Embarking on a diet for the New Year, most consumers will quickly become frustrated and fail in their New Year’s health goals because they followed a fad diet that was based on the recommendation of others. instead, optimal diets are based on individual factors. A new artificial intelligence driven app called Lifesum charts this alternative approach to dieting.
Digital Journal: How has the thinking about weight loss changed in recent years?
Henrik Torstensson: In recent years, the weight loss industry has changed its focus to overall wellness and health. Most consumers have realized that a focus on weight loss tends to result in a quick-fix approach to a permanent challenge. Instead, they’ve started to focus on healthy lifestyle changes that are more likely to last, like going plant-based or simply drinking more water.
Overall, we are on the brink of a complete transformation of the global health market, and whether you are a tech company, a pharmaceutical giant, or an investor in digital health products, the health and wellness landscape is changing.
DJ: Why was Lifesum developed?
Torstensson: Lifesum was co-founded by Tove Westlund, Martin Wählby, Marcus Gners and myself. The four of us wanted to create something to support and encourage people to improve every aspect of their wellbeing. We also wanted it to be so much more than just a weight loss app; we wanted to help people live longer, happier and healthier lives – permanently.
We don’t guilt our users into strict calorie counting; rather, we place the focus on overall health benefits and the nutritional value of food. Our Life Score™ feature in particular helps guide individuals toward healthier choices, giving them a weekly health score calculated by their nutritional intake, hydration, and exercise levels.
DJ: What part does artificial intelligence play with Lifesum?
Torstensson: Lifesum is engaged in artificial intelligence research, and we’ve already begun to use AI to help individuals lose weight and get healthy.
Last year, Lifesum became the first-ever digital health app to launch a Google Assistant app, allowing users to log their food and water consumption by simply speaking to their phone. In other words, Lifesum users can now track food, water or weight, get an update or a request a challenge by simply using their voice.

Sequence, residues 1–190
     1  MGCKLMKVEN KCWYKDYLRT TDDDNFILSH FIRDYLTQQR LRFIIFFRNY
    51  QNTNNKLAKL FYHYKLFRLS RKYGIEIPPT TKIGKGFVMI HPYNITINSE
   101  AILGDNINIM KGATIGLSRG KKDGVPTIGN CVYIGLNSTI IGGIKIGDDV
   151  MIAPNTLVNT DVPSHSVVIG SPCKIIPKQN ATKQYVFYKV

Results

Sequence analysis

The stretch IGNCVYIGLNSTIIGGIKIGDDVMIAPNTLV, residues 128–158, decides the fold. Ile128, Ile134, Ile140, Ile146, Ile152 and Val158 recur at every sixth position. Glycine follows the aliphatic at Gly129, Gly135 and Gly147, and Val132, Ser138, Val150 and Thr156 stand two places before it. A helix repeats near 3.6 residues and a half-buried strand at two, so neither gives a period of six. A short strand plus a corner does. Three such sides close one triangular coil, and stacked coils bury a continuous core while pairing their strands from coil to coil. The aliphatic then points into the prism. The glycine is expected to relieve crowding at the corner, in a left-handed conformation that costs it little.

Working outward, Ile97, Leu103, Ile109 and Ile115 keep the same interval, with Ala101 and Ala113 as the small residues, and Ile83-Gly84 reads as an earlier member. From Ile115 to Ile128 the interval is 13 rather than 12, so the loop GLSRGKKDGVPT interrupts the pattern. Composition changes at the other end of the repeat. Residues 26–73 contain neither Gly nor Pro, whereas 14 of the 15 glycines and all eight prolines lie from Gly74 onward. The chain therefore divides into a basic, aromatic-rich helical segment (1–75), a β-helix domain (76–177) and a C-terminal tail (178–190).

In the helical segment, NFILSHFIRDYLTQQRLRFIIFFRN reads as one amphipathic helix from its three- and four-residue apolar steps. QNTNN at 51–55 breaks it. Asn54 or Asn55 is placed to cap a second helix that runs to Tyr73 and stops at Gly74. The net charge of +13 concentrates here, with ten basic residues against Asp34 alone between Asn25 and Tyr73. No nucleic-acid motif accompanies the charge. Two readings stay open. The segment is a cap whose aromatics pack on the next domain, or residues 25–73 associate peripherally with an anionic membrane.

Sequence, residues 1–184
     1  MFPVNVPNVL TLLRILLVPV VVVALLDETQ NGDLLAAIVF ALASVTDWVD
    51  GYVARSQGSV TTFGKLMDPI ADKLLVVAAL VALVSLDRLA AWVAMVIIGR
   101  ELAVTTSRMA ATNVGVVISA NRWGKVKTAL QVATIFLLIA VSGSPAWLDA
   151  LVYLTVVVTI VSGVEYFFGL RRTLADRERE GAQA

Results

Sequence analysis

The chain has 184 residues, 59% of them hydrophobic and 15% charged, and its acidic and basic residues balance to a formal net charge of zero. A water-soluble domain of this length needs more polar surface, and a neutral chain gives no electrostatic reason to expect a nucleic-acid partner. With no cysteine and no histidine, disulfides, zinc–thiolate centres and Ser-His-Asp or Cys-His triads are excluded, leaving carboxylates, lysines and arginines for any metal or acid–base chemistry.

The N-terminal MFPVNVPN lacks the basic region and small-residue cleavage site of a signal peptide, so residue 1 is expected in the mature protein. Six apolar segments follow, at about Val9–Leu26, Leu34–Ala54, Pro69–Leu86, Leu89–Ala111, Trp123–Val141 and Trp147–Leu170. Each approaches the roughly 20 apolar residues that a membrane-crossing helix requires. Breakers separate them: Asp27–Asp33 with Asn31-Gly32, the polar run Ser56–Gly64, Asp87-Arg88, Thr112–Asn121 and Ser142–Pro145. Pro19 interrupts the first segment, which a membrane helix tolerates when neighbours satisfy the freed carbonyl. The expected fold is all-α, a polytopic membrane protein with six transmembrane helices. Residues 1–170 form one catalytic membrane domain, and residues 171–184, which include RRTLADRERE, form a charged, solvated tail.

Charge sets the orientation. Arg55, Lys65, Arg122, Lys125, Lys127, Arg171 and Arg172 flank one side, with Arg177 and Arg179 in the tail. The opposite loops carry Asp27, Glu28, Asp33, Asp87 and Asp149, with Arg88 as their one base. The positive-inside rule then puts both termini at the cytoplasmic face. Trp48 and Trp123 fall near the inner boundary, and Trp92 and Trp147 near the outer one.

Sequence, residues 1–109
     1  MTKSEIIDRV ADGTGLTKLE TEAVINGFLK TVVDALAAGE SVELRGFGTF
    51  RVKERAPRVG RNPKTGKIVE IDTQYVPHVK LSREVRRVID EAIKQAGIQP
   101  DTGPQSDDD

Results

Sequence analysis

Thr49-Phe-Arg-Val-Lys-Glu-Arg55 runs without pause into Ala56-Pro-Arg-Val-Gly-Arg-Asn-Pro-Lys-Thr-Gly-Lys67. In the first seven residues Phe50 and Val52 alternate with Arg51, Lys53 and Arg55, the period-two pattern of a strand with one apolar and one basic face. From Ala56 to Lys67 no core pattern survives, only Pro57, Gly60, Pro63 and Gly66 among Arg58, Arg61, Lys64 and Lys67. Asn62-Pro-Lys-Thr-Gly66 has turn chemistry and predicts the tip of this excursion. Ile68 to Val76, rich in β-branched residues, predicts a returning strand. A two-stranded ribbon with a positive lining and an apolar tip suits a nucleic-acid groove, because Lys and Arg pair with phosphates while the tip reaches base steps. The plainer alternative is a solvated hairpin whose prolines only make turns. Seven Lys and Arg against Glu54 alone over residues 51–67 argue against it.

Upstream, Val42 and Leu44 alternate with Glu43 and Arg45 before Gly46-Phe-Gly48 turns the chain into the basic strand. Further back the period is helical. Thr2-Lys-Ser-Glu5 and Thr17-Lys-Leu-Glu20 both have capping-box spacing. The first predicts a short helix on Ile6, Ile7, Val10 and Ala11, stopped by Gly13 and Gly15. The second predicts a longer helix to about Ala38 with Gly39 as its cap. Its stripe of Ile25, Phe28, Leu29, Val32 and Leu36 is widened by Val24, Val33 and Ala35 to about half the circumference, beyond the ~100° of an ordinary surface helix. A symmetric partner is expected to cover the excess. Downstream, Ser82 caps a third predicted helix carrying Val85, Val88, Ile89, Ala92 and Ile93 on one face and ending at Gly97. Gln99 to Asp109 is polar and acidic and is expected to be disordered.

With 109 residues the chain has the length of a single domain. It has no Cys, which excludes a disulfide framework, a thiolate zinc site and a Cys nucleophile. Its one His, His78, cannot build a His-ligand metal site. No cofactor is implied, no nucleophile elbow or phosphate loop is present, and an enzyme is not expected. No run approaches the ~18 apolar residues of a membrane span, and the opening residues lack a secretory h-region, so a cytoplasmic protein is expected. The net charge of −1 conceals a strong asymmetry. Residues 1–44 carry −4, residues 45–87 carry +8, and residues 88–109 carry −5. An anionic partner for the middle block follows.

In order to track food, Lifesum users can now say “I had a small lunch” or “Add a large dinner” to their phone, and it will automatically update their logs on Lifesum. In order to track water consumption, individuals can say something like “Add a glass of water” or “Track 3 glasses of water.”
DJ: How does Lifesum work for the consumer?
Torstensson: Roughly 35 million consumers log what they eat and drink, when they exercise, their weight and other lifestyle habits on Lifesum.
Whether the user’s goal is to get fitter, lose weight or just lead a healthier lifestyle, Lifesum shows individuals how changing small habits and implementing them in everyday life can improve their overall health. We continually gives users personalized feedback, helping them evaluate what works for them so they can successfully reach their health goals.
But changing behaviors isn’t easy. That’s why we combine traditional health data, like blood test results, with behavioral data detailing diet and exercise. This allows us to better understand an individual’s current health status and help them take steps to improve it.
That said, this information is only half of the picture when it comes to health. Lifesum also uses motivational psychology to design personalized messages that help keep users on track.
DJ: How do you ensure Lifesum is up-to-date?
Torstensson: We have a large team of nutritionists, software engineers and product specialists that continuously work on not only keeping Lifesum up-to-date, but to create something radically better. Our large team makes Lifesum better based on our internal data, user interviews and understanding broader trends in food, nutrition and digital health.